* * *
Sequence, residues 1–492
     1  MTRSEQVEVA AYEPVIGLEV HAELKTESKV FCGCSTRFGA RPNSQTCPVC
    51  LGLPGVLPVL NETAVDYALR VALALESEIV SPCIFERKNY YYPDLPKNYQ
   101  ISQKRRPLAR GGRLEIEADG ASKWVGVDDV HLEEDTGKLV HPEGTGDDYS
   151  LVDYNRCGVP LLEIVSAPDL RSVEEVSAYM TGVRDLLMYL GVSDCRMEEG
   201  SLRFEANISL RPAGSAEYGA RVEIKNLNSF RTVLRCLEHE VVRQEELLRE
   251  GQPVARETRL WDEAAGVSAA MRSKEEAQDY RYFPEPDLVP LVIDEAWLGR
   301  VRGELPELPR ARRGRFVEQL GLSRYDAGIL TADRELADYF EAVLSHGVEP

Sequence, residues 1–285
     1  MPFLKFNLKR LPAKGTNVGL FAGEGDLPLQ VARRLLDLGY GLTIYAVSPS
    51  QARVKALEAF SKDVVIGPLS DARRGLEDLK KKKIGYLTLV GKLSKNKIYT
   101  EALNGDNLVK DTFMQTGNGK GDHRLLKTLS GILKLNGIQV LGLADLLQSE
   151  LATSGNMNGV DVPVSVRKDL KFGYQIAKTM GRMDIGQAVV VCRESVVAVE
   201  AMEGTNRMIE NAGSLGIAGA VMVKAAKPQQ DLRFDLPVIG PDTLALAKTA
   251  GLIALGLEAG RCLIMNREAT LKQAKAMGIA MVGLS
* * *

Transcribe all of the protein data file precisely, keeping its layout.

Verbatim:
Sequence, residues 1–492
     1  MTRSEQVEVA AYEPVIGLEV HAELKTESKV FCGCSTRFGA RPNSQTCPVC
    51  LGLPGVLPVL NETAVDYALR VALALESEIV SPCIFERKNY YYPDLPKNYQ
   101  ISQKRRPLAR GGRLEIEADG ASKWVGVDDV HLEEDTGKLV HPEGTGDDYS
   151  LVDYNRCGVP LLEIVSAPDL RSVEEVSAYM TGVRDLLMYL GVSDCRMEEG
   201  SLRFEANISL RPAGSAEYGA RVEIKNLNSF RTVLRCLEHE VVRQEELLRE
   251  GQPVARETRL WDEAAGVSAA MRSKEEAQDY RYFPEPDLVP LVIDEAWLGR
   301  VRGELPELPR ARRGRFVEQL GLSRYDAGIL TADRELADYF EAVLSHGVEP

Sequence, residues 1–285
     1  MPFLKFNLKR LPAKGTNVGL FAGEGDLPLQ VARRLLDLGY GLTIYAVSPS
    51  QARVKALEAF SKDVVIGPLS DARRGLEDLK KKKIGYLTLV GKLSKNKIYT
   101  EALNGDNLVK DTFMQTGNGK GDHRLLKTLS GILKLNGIQV LGLADLLQSE
   151  LATSGNMNGV DVPVSVRKDL KFGYQIAKTM GRMDIGQAVV VCRESVVAVE
   201  AMEGTNRMIE NAGSLGIAGA VMVKAAKPQQ DLRFDLPVIG PDTLALAKTA
   251  GLIALGLEAG RCLIMNREAT LKQAKAMGIA MVGLS